America’s Solar Cities

Media Contacts
Heather Leibowitz

New York City Ranks 8th Among Major Cities for Installed Solar

Environment New York

New Report: New York City Ranks 8th Among Major Cities for Installed Solar

ALBANY, NY – Today, Environment New York was joined at West Capitol Park on the Swan Street Steps by New York State Senator Betty Little, Vice President of New York Solar Energy Industries Alliance (NYSEIA) and President of OnForce Solar David Sandbank, to release a new report; “Shining Cities:  At the Forefront of America’s Solar Energy Revolution,” a new report ranking New York City in the top 20 of major cities for the amount of solar installed.  The report provides a first-of-its-kind comparative look at the growth of solar in major America cities.

 “Solar power is booming across the country and cities are at the forefront,” said Heather Leibowitz.  “As one of the top 20 major cities, New York City is a case in point” 

With the cost of solar coming down, growing awareness of the benefits of solar power is emerging as a mainstream energy solution with widespread benefits for our health, our economy and the environment.  

 “Investing in solar is a sure bet for a brighter future,” said Senator Betty Little.  “Every step we can take to move away from a heavy reliance on fossil fuels and toward renewables like solar puts us on a more sustainable path.  This report shows New York is doing well, but has the capacity to do much more.  Innovation and technological advances are making solar more efficient and a better return on investment.  We need to continue pushing ahead.”

The report highlighted the benefits of solar energy including: 

Solar energy avoids pollution—Pollution-free energy from the sun reduces air pollution that contributes to urban smog and global warming.  It also helps save the massive amount of water that’s normally consumed during the cooling of a fossil fuel burning power plant.  

Solar energy protects consumers— Since solar has no fuel costs, it can protect us from the rising cost of fossil fuels.

Solar energy helps the economy— New York State has 5,000 solar jobs, growing by 52% since last year.

The top 20 solar cities in this report have more solar power within their city limits than was installed in the entire U.S. just six years ago. 

“New York City is home to a wealth of industries and it is crucial that it continues to lead the way to nurture and build the solar industry,” said David Sandbank, Vice President of NYSEIA. “With the support of our state and local government officials and the creation of the NY Sun-Initiative, we are well on our way to achieving this goal. It is very important that we continue our momentum and create more solar jobs while reducing our carbon footprint and dependence on traditional electrical power.”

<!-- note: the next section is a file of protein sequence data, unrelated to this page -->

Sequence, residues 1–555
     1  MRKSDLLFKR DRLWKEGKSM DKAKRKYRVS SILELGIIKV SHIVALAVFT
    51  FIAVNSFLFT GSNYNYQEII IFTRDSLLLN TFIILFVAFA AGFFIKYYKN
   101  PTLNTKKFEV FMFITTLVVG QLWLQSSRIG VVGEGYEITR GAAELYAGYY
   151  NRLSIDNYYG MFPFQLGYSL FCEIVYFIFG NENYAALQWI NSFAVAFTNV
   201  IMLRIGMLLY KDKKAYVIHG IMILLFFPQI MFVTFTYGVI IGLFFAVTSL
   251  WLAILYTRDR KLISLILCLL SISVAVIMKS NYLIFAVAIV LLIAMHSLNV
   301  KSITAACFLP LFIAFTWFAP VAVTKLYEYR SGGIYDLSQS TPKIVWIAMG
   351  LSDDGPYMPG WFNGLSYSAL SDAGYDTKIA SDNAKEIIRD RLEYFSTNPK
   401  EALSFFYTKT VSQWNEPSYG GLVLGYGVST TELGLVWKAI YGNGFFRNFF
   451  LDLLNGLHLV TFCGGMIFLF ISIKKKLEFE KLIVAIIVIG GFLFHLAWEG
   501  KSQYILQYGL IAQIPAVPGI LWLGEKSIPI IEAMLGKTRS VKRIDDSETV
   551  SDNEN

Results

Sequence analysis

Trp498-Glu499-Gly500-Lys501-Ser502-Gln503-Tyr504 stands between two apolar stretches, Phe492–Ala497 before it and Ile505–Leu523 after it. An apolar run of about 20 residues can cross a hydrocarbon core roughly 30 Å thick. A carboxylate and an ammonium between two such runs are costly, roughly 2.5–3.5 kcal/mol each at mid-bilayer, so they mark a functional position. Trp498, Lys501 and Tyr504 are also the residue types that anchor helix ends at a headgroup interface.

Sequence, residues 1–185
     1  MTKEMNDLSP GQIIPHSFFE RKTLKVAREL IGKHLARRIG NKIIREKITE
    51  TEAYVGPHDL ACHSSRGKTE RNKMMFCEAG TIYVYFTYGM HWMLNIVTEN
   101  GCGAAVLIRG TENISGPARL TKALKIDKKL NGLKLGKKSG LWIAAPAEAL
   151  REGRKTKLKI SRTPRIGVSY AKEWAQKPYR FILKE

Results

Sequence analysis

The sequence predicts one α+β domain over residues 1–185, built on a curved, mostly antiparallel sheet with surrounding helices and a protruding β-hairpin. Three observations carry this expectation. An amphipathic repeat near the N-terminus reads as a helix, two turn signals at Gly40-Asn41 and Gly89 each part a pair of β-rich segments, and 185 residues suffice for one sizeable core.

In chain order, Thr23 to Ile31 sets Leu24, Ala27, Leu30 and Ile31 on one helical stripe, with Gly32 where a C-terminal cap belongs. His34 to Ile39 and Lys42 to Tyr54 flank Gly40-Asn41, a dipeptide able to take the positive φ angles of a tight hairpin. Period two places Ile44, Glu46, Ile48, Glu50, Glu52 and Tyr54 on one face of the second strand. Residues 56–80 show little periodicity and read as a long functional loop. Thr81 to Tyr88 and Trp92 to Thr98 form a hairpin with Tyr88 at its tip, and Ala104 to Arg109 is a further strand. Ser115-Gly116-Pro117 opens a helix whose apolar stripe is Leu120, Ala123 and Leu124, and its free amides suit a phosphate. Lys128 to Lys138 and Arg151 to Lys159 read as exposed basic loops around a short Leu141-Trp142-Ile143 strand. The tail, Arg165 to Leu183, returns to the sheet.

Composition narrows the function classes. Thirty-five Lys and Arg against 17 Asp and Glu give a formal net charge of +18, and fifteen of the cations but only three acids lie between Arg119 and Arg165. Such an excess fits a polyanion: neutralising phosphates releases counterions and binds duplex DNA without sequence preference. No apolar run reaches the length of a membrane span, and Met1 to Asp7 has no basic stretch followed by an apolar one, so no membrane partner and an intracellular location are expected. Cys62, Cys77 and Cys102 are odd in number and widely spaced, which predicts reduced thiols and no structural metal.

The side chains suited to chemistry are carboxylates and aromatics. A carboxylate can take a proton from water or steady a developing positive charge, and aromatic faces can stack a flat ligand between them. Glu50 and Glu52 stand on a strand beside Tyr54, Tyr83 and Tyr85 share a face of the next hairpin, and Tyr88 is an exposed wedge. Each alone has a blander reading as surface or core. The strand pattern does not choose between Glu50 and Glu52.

Assemblymember Frank Skartados agreed, though he couldn’t attend the press conference today. “Global warming, air pollution and the diminishing resources of fossil fuel are some pretty good reasons why our most populated areas, our Shining Cities, must invest in renewable energy sources,” said the Assemblymember. “I commend the good work Environment New York is doing to focus attention on this critical matter by bringing information forward to the public and help lead the way towards a more sustainable solar powered New York.”

Forward-thinking local leaders have helped make this happen by adopting policies that encourage investment in solar PV installations:

  • City leaders can set ambitious and achievable goals and citizens and businesses can work with local governments to meet them.  Cities can lead by example by putting solar on public buildings such as Rockefeller Center.
  • Cities can adopt policies to advance solar power in their communities, including tax incentives, low interest loan programs and solar friendly zoning and building codes.  Cities can also run “Solarize” programs that use bulk purchasing and educational campaigns to help neighbors “go solar” together; like the NY Sun-Initiative. 
  • City leaders can work with state government to ensure that they have strong programs to expand solar, including renewable energy standards, solar carve-outs or feed-in tariffs, net metering and community solar programs.
  • City leaders can also demand a strong partnership with the Federal government to ensure that federal incentives such as tax credits are continued.  And, that federal programs, such as the Solar America’s Cities and the Energy Efficiency and Conservation Block Grant programs continue to provide support and technical assistance to cities seeking to expand solar.

Assemblymember Amy Paulin commented on the report, although she could not attend the event. “I was pleased to learn that New York City ranks 8th and Buffalo ranks 34th in the nation for installed solar capacity,” added the Assemblywoman, Chair of the Assembly Committee on Energy. “I hope to see these rankings increase even further by continuing successful state programs, such as NY-Sun, and new initiatives, such as shared renewable energy programs. As the report recommends, all levels of government must implement policies to encourage renewable energy throughout New York.”

“The sky’s the limit on solar energy.  New York City is a shining example of solar leadership,” concluded Leibowitz.  “But, we’ve barely scratched the surface of the potential to capture this pollution-free energy source.   By committing to bold goals and expanding on the good policies we’ve adopted, we can take solar to the next level.”